I can hear the "experts" howling that leaning forward will risk damaging your lumbar vertebrae. To them I say, phooey. If you want results, then you must push the envelope of performance. I'm not recommending that you throw caution to the wind, but rather to engage yourself in proper lifting mechanics. Leaning into a lift is no more dangerous than deadlifting or squatting butt to heels.
So for all rows, lean into the movement, and keep a slight bend in the elbows and lock that position. You wouldn't hyperextend your knees when doing stiff-legged deadlifts, right? So don't hyperextend your elbows in the row. Remember my maxim: "Rowit, don't throwit!"
Finally, if you're biceps dominant, then chins more than likely are not for you. Once again, Innervation Training research means looking at "movements" and exercises differently. If you have very responsive low excitation thresholds in your biceps, then more than likely they will absorb or share too much of the load for you when doing chins. Once again, there are no special exercises (other than compounds); there are just exercises that work best for you. Technique and sequence become everything.
For me "tempo training" is a result of misinterpreted research, but that's for another article. Duration of overload implies that very low reps are useless for hypertrophy goals. (Behm 1995) Tempo training also negates individual "overload" and is faulty logic at best for hypertrophy concerns. I'm only concerned with two cadences: the explosive or power cadence, and the pumping or bodybuilding cadence.
Being explosive is all about how fast you are trying to move the bar, not how fast the bar actually moves. (See Behm 1995, and many others) Obviously the greater the load the slower it will move, but your intent should always be to move it as fast as possible. This means paying close attention to performance to insure not to use momentum, torque, or leverage to help lift the weight. Doing this will only bypass the crucial range of motion where overload is maximal. This is also another reason why no one, not your spotter, not your girlfriend, not even God, should be touching the bar while you're lifting it.
A bodybuilding cadence is just pumping reps without stopping at the bottom or top of a movement. The movement should be purposeful throughout the entire range of motion, and your intention should be full contraction of the muscles, not just completing the rep. The bodybuilding cadence is all about squeezing for every inch or every rep of every set, top to bottom with no pausing between reps. You can vary speed here as in going slower but it does not need to be gauged by a clock. This is all part of keeping the program alive, which we'll discuss in a bit.
The way my programs work is that the first two exercises (depending on level of development and intra workout biofeedback from exercise one) in a traditional program are done explosively using a weight to reach failure within the rep range indicated. From there, as you progress down the workout, you approach exercises with a bodybuilding cadence, which you can manipulate from workout to workout as part of keeping the program alive.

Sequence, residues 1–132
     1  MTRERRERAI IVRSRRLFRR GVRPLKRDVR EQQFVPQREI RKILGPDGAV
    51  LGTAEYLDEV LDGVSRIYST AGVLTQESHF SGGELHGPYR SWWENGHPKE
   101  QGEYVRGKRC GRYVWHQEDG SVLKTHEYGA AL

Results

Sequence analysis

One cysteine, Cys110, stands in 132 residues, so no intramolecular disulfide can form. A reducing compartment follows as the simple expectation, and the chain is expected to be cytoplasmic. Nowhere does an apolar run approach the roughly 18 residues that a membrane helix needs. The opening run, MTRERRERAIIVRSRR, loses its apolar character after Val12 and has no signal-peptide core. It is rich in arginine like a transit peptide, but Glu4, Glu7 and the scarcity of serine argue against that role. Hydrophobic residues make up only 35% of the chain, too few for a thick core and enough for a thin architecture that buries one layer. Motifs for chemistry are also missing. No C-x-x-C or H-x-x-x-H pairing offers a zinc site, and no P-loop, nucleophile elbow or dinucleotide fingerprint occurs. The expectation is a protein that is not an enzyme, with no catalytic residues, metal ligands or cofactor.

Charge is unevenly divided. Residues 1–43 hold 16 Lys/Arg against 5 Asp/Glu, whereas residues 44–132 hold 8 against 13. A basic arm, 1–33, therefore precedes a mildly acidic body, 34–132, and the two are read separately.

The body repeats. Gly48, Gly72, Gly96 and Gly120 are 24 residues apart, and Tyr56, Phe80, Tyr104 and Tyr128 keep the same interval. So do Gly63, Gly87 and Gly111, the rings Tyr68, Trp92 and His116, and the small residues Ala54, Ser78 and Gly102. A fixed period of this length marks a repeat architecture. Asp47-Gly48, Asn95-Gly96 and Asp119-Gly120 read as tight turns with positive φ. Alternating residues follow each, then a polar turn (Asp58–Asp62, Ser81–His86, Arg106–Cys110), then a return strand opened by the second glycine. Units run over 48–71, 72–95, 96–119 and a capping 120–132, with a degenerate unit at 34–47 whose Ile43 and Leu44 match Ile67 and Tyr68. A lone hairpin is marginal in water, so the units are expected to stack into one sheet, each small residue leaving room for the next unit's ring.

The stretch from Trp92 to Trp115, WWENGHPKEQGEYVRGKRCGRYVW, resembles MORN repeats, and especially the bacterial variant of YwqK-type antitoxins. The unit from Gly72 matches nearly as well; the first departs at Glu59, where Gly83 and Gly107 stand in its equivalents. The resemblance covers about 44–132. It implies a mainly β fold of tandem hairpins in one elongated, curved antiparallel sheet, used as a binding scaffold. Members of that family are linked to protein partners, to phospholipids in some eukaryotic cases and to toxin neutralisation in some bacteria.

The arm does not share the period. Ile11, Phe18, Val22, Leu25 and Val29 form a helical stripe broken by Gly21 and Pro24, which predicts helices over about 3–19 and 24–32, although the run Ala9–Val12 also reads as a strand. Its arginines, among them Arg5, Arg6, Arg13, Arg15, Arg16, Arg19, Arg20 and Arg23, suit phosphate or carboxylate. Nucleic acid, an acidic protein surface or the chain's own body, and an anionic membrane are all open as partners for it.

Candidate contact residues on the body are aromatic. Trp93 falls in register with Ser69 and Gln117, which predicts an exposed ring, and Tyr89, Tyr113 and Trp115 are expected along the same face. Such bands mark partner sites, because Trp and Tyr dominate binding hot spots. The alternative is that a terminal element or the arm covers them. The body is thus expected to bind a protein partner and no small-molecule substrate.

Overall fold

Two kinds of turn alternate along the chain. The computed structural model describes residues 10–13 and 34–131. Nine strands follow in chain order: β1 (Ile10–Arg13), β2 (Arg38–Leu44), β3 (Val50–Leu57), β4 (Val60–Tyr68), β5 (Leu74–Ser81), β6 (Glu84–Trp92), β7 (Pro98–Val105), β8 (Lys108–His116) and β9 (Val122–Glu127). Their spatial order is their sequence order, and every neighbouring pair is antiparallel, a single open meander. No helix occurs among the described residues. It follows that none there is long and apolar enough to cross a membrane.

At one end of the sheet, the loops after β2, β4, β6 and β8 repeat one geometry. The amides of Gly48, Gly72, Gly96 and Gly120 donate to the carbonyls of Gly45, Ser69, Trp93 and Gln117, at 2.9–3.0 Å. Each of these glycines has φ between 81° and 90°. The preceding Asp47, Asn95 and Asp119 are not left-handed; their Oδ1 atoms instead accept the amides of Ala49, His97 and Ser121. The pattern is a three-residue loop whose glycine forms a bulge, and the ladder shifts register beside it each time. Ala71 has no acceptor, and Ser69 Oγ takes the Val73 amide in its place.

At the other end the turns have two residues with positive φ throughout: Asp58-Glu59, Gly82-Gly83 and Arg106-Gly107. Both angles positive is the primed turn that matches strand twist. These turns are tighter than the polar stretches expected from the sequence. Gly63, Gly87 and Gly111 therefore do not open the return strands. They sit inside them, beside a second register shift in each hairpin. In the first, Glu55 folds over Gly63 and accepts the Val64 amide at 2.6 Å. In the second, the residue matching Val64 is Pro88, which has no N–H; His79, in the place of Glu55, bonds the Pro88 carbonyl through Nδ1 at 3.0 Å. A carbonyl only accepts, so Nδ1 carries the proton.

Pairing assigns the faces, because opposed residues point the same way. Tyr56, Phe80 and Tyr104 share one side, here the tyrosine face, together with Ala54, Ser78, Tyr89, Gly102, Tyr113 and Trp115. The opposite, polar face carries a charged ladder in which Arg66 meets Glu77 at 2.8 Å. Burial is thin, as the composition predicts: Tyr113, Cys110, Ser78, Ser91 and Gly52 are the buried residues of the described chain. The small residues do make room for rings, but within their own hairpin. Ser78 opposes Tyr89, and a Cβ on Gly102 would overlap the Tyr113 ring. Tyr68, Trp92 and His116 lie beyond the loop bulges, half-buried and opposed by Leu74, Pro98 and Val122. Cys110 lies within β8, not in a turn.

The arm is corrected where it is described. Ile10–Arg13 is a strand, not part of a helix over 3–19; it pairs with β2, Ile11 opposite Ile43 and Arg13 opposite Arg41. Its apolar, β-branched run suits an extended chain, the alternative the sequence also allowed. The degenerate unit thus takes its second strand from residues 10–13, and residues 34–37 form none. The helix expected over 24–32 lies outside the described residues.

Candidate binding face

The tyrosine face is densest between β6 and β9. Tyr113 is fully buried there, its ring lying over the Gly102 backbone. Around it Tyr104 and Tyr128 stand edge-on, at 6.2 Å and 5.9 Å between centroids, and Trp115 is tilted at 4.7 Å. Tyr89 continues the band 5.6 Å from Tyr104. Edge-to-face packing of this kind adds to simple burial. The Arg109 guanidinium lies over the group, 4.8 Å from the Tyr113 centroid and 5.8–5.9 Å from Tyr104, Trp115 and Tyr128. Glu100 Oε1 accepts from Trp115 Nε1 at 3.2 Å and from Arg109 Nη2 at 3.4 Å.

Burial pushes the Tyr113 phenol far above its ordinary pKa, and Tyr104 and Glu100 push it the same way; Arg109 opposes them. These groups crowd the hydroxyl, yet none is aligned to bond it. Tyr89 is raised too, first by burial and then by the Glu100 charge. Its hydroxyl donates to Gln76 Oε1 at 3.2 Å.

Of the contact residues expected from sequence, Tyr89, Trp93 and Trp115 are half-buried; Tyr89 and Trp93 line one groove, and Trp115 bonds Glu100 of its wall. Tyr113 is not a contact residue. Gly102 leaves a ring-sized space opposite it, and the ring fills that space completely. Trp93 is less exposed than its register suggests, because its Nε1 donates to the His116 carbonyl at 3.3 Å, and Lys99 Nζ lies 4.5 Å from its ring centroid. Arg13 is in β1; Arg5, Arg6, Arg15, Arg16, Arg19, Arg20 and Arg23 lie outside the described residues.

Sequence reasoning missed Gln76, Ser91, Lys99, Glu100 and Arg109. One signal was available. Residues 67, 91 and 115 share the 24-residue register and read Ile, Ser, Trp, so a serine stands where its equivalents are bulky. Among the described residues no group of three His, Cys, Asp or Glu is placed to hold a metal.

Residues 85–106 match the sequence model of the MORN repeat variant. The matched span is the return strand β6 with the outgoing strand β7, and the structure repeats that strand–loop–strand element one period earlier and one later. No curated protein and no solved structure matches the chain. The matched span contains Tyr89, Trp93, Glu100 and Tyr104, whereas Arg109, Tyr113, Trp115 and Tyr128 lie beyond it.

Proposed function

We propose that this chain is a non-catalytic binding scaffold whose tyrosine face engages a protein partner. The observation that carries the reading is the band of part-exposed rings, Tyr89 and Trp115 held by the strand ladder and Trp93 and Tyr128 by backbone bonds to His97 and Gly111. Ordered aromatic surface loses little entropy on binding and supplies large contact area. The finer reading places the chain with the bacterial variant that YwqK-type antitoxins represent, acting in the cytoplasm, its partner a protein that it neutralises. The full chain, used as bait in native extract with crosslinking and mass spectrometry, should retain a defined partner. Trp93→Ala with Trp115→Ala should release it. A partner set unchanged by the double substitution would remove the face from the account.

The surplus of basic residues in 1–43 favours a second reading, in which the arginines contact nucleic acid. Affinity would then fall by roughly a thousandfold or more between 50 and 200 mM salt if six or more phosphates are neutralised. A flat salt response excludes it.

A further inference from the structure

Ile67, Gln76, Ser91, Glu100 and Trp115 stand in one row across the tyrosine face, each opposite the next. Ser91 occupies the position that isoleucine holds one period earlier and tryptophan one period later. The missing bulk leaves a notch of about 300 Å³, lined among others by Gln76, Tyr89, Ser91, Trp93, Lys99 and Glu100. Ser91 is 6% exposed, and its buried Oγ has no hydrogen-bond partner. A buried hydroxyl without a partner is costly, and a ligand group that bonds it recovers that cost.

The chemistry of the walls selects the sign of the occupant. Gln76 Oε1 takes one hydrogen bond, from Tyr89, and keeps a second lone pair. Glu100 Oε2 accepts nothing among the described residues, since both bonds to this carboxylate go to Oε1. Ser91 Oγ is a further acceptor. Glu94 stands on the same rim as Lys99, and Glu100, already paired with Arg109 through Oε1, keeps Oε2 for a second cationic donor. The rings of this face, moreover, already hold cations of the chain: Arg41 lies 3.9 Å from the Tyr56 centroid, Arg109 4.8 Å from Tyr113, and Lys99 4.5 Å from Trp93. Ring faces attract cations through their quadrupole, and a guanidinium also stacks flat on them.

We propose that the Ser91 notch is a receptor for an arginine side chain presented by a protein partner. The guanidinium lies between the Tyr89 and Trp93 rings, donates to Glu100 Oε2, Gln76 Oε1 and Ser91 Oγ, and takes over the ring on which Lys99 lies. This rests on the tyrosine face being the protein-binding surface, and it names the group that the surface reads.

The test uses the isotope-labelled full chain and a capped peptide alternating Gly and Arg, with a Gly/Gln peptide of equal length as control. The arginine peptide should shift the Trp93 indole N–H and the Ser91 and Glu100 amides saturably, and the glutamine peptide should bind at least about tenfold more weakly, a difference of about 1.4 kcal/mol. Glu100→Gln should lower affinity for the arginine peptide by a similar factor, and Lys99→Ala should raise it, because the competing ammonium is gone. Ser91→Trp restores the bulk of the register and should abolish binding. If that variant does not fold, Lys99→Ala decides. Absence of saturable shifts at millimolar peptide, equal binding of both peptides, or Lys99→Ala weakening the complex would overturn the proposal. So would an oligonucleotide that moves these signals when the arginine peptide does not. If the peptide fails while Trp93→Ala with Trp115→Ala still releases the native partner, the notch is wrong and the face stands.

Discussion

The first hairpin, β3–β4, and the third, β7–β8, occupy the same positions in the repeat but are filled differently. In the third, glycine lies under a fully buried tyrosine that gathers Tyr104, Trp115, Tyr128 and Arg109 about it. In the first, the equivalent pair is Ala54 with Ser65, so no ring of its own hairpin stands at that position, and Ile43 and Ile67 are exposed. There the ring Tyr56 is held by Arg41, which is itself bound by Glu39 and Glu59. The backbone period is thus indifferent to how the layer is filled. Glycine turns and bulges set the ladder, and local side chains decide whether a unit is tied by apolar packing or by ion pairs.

The first exercise on my programs are not determined by isolation vs. compound movements, which is limited thinking. Remember that Innervation training is all about joint angle, anatomical leverage, and speed considerations. So if a pulldown is the first movement of a workout, it will be done explosively. If it is last, or in the middle of the sequence, then it will be done with a constant tension cadence. This approach is simple and effective. It takes the thinking out and puts the concentration in!
All training for hypertrophy should involve some degree of oxygen debt. This is something misunderstood by most trainees who do a set, and then walk around and chat on their damned cell phones. It amazes me to see people without a drop of sweat on them at the end of a workout, thinking they're somehow building muscle.
Rest intervals are dictated by biofeedback, and two things need to be self-assessed. The first is oxygen debt recovery. When your breathing returns to "almost normal," then you're ready for your next set. The other factor is your psychological assessment of performance readiness. What this means is, if you can look at the bar, see the weight and feel you can perform the movement at least that well again, then do your next set, even before your breathing is totally back to resting level.
After that set, this is when load becomes informational. If you weren't able to do the same weight for the same reps, then you didn't rest long enough. This is how to gauge proper rest intervals using rep ranges as performance guidelines.
Lou Joseph assesses his performance readiness.
You can also keep the program alive by focusing on fewer rest intervals and proceeding to your next set further and further into oxygen debt. Mixing this up from workout to workout keeps the body guessing, but also keeps you honest about your own performance levels by gauging biofeedback, and not meaningless cues like your wrist watch or how much weight you lifted. Self-assessment is a key tool in the Innervation Training protocol.
Using traditional back training as an example, I'll give you a sample workout from one of the 700 or so template programs I've designed. Keep in mind this is not etched in stone. While this workout is geared more toward someone who'd benefit mostly from rowing, another program may be oriented toward various upright positions, pulldowns, chin variations, etc. It's important to not think one dimensionally. Remember, a workout does not constitute an entire program, nor does a collection of workouts.